By BH and GM
Dedicated to Jan and all law enforcement dispatchers who provide the connective cords that bind together the thin blue line.
When the clock still hovered in the last quarter of the seven AM hour, Steve McGarrett had already finished the overnight reports couriered over from HPD earlier. Grimly digesting the unwelcome crime statistics along with his black-sludge coffee, the head of Five-0 read the latest on the law enforcement front. With the usual and expected updates on muggings, burglaries, drunk and disorderly accounts, McGarrett was dismayed to see the Waikiki Slasher’s latest episode had made front page news.
For the past several weeks, the determined robber had attacked women tourists. Coming up from behind, the ruthless and agile criminal used a knife to slash the handles of purses, grab the bags, and run away. His strikes were strategically set near alleys or narrow side streets for easy escape. The problem was annoying until yesterday when his swift stabs had resulted in physical injuries to the terrorized victim.
The cuts were non-lethal, but painful and highly publicized. That bumped up this brazen thief from the purview of HPD to that of Five-0. The mayor and governor had both called McGarrett within moments of each other, making it clear the Slasher was now a priority case.
Releasing a sigh along with a shake of his head, he knew it was going to be one of those days. The slam of the outer office door heralded the arrival of the next staff member, and he made an instant, silent bet with himself as to who it was. He called out a greeting before he could see the owner of the light, quick footsteps.
“Morning, Steve.” On the way, Williams had paused briefly to snag a mug of coffee. “Those the HPD sheets?”
McGarrett growled, “Along with the morning paper.”
“Yeah. I saw,” Williams sighed.
Another voice from the doorway concurred, “Me, too. They ain’t cuttin’ us no slack, boss,” Chin Ho Kelly told them.
Kelly turned back to pour two cups of coffee – one for himself, and one for Kono Kalakaua, who came through the door just ahead of the Asian detective. “We gotta get that bum, bruddah.”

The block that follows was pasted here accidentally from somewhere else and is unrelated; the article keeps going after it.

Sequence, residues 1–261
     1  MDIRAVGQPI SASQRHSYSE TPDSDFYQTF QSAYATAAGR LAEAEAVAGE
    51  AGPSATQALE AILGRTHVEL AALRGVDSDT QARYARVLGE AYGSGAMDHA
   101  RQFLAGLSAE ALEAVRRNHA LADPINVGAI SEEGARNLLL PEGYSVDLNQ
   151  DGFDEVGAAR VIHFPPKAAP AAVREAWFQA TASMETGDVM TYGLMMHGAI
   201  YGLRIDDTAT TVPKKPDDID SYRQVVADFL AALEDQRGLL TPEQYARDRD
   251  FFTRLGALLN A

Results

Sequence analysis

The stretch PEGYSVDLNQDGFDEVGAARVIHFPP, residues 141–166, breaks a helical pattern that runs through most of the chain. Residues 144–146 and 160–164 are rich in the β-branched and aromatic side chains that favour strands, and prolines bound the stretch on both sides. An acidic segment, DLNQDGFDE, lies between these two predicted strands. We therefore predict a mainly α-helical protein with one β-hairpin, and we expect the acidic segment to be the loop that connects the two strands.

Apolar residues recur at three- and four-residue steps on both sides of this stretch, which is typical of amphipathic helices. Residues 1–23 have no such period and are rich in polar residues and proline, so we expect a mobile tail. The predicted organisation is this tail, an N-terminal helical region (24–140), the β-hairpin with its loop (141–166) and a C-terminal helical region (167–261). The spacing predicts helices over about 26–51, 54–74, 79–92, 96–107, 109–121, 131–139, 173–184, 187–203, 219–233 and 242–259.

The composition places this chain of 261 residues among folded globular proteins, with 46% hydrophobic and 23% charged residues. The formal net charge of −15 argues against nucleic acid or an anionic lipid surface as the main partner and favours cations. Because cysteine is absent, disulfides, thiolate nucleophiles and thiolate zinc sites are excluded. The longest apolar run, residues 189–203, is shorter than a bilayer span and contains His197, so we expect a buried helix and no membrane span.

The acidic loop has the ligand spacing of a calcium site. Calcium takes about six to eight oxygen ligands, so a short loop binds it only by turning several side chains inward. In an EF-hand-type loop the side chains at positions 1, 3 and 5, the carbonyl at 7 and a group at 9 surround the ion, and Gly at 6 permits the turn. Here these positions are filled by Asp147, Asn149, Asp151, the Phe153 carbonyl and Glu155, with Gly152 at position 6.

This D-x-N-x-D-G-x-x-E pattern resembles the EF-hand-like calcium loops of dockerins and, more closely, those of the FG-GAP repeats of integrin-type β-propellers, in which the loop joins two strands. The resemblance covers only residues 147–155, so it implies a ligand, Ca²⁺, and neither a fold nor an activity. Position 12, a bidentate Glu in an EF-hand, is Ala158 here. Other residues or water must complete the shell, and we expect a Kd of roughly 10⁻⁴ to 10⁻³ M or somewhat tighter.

Once the detectives were gathered around the desk, McGarrett remained standing as he targeted each man with a somber look and an assignment. “Chin, can you get those witnesses for the DA briefed today?”
The barrel-chested officer gave a shrug. “I’ve got a lot of ground to cover. Most of them are pineapple workers, remember?”
McGarrett glanced at the Hawaiian next to Kelly. “Take Kono. We’ve got to wrap that up.” The lead detective noted his subordinate’s silent acknowledgement as he focused on Williams. McGarrett suppressed a satisfied smirk as he noticed his newest detective’s attentive gaze. McGarrett’s expectations had certainly been exceeded when he’d brought the young officer on board.
“Danno, you’ve worked up a profile on the Slasher.” It was not a question.
“Yeah. I started with witness accounts of the earlier incidents…” The youngest member of the elite force paused momentarily. “And then I tried to get into the guy’s head…” Dan faltered again. He had not been a member of Five-0 for long. As the junior officer, and as an ardent admirer of the legendary Steve McGarrett, Williams worked overtime to get everything right. He had to be better than expected, and constantly labored to not only do his duty, but to exceed what he was ordered to accomplish. He could tell the get-it-done-NOW mentality of the boss did not brook extended explanations or tedious details. The chief wanted the bottom line, and so Dan cut to the end of his explanation. “If we add patrols along Waikiki, and have them watching for this guy’s pre-assault behaviors, we have a pretty good shot at netting him wikiwiki.”
With a nod, McGarrett accepted the ideas. He expected a good job with whatever he dished out to his protégé. Disappointingly, the lead detective was always surprised at the young man’s lack of confidence. Williams was better than he thought of himself. McGarrett had tailored situations in recent weeks so the rookie officer would grow into his new job.
“Good. I want you to get over to HPD and brief the patrol units before they head out on their morning assignments. I’ve got breakfast with the governor shortly, but I’ll meet you back here so you can help me with the monthlies.”
Williams sucked in a breath. “You want me to brief HPD?”
The stab of certainty in McGarrett’s steely blue eyes gave no quarter. “It’s your investigation, Danno. You run with it.”
There was no compromise. He knew for Danno to get over the nervousness of being a member of Five-0, he had to be thrown into tough situations and overcome his fear by trial-through-fire. Honolulu’s governmental hierarchy was still buzzing, along with HPD personnel, about such a young officer being appointed to the prized detective slot. Some thought Williams too young and inexperienced, and some believed he was promoted over veterans who were overlooked. Gossip was immaterial to McGarrett. He knew he had picked the right man. He had to convince the doubters – which sometimes included the self-conscious Williams.